It’s been a year and a half since Robert Wickens drove an IndyCar, but that’s all going to change on Saturday – relatively speaking.
Thanks to Gary Bettenhausen’s twin sons (Cary and Todd), Jim Leo of Pit Fit, Max Papis, Steve Fusek and SimXperience, Wickens will be competing in the American Red Cross Grand Prix at Watkins Glen — opening round of the IndyCar iRacing Challenge — along with Will Power, Josef Newgarden, Alex Rossi, Tony Kanaan, Graham Rahal, Sebastian Bourdais, Santino Ferrucci, Sage Karam and Felix Rosenqvist.
The 31-year-old Canadian, who was paralyzed from the waist down in the Pocono 500 during his impressive rookie season in 2018, has been inspiring everyone with his steady progress that has included him walking short distances, lifting weights and doing push-ups at PitFit and recorded on Facebook. Wickens is a daily mainstay at Leo’s popular workout facility in Indianapolis, along with several IndyCar drivers.
And with the pandemic postponing the start of the IndyCar season at least two more months, Wickens decided he’d like to try racing against his pals again on a simulator. But his original plan didn’t work out and then two of iRacing’s biggest proponents got involved.
Cary and Todd Bettenhausen — both born with vision problems so they never had a chance to follow their famous father’s footsteps — have been directly involved in iRacing for 13 years. Todd lives in Ohio and designs simulator hardware for SimXperience while Cary operates Indy Simulation at PitFit, which is rented to the general public as well as a favorite of the IndyCar vets at PitFit.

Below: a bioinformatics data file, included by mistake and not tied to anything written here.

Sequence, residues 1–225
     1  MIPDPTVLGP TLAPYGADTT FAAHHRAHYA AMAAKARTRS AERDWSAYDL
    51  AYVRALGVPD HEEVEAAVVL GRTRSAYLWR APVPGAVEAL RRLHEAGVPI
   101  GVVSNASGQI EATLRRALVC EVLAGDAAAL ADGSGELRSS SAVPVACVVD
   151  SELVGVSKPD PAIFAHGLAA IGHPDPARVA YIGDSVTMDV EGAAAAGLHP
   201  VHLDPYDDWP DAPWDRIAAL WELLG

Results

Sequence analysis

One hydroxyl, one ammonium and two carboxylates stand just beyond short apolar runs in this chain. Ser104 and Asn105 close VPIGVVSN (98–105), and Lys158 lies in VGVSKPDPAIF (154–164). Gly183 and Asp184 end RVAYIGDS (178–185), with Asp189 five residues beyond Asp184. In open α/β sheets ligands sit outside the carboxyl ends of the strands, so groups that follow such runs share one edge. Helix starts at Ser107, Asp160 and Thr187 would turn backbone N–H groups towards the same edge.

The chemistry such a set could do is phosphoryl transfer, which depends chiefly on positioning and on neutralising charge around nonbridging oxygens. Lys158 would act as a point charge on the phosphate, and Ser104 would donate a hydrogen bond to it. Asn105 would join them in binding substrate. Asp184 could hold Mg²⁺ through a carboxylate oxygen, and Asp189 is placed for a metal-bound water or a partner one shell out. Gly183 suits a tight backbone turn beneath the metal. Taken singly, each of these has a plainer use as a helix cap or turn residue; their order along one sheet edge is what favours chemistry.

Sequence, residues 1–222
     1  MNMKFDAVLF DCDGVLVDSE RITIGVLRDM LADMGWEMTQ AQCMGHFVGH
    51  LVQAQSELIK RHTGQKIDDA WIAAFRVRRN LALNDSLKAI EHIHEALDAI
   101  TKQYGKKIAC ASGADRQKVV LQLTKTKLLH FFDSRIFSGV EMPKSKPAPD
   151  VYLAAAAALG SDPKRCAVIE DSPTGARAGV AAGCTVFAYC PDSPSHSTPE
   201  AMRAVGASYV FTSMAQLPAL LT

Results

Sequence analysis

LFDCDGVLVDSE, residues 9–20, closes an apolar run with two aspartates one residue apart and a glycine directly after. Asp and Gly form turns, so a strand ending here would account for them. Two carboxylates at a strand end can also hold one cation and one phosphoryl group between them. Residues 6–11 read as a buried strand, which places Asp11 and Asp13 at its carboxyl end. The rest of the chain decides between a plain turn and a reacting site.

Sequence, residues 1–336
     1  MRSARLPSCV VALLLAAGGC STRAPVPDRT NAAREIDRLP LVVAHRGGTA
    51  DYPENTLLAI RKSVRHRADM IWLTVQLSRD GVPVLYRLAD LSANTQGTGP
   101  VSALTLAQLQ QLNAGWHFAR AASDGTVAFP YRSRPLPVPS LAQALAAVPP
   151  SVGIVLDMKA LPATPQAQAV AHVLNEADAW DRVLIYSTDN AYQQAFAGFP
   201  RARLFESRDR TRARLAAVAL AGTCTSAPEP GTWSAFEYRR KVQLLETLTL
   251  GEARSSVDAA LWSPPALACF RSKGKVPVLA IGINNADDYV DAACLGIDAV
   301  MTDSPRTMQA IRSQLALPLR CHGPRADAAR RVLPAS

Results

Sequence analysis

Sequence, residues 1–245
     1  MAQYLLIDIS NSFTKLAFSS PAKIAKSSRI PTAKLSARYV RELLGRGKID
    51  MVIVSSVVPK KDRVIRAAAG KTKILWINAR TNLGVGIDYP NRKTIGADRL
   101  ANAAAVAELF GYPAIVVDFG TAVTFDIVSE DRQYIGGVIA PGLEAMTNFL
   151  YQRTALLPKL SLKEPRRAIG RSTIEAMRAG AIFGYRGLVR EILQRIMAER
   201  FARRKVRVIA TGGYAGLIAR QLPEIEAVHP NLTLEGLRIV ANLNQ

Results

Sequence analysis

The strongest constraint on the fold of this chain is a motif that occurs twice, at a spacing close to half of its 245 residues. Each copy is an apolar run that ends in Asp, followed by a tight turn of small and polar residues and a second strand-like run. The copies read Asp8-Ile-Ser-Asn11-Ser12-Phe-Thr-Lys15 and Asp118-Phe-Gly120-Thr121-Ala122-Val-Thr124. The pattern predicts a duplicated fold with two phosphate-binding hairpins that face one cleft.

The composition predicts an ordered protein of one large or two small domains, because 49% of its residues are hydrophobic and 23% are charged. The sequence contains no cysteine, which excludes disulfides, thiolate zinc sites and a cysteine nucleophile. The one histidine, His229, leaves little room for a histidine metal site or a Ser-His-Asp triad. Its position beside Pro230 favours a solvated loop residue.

“I got a call a couple days ago from Robert and he said he’d be interested in driving our simulator,” said Cary. “So I got my brother on the line and we’ve been thrashing to get things ready and received a lot of help to make this thing happen.”
The immediate challenge was converting the iRacing rig from foot to hand controls. Todd B. hustled some hardware over from Ohio while ex-IndyCar racer Papis is providing a steering wheel from his business and Fusek, who is Takuma Sato’s agent and proprietor of Indy’s only downtown hardware store, loaned the motor to power the steering wheel.
“It’s cool how everyone is chipping in to help but it’s not surprising because Robby is such a great guy and this is going to be fun for him,” said Todd B. “I don’t think he has as much experience on a simulator as some of the guys but the race is going to be a fixed setup for everyone, so it will be more like an IROC race, where all the cars have similar performance potential.
Cary added, “It’s going to be a bit different for Robert since he won’t be able to feel the back end step out, because we’ve turned motion off to be careful with his healing. So he’ll have to drive with his eyes but he’ll be OK.”
The race begins at 4 p.m. and will be streamed live on IndyCar.com and NBC announcers Leigh Diffey, Paul Tracy and Townsend Bell will call the action.